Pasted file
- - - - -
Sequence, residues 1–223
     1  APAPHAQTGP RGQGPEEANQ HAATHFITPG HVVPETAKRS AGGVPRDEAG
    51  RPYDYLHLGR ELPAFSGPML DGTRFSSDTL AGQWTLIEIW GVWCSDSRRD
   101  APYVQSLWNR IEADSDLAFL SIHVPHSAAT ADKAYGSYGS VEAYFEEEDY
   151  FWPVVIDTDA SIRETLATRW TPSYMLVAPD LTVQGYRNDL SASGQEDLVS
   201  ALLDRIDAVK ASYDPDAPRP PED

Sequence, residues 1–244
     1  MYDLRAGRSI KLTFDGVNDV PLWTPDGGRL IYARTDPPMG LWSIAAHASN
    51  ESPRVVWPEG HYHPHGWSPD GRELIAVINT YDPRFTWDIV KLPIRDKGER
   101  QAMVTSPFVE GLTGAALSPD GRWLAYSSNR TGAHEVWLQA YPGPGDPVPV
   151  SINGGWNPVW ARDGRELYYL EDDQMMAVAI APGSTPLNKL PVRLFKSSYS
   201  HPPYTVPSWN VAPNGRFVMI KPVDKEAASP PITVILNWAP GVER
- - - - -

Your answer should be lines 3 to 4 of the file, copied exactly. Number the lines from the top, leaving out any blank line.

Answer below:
    51  RPYDYLHLGR ELPAFSGPML DGTRFSSDTL AGQWTLIEIW GVWCSDSRRD
   101  APYVQSLWNR IEADSDLAFL SIHVPHSAAT ADKAYGSYGS VEAYFEEEDY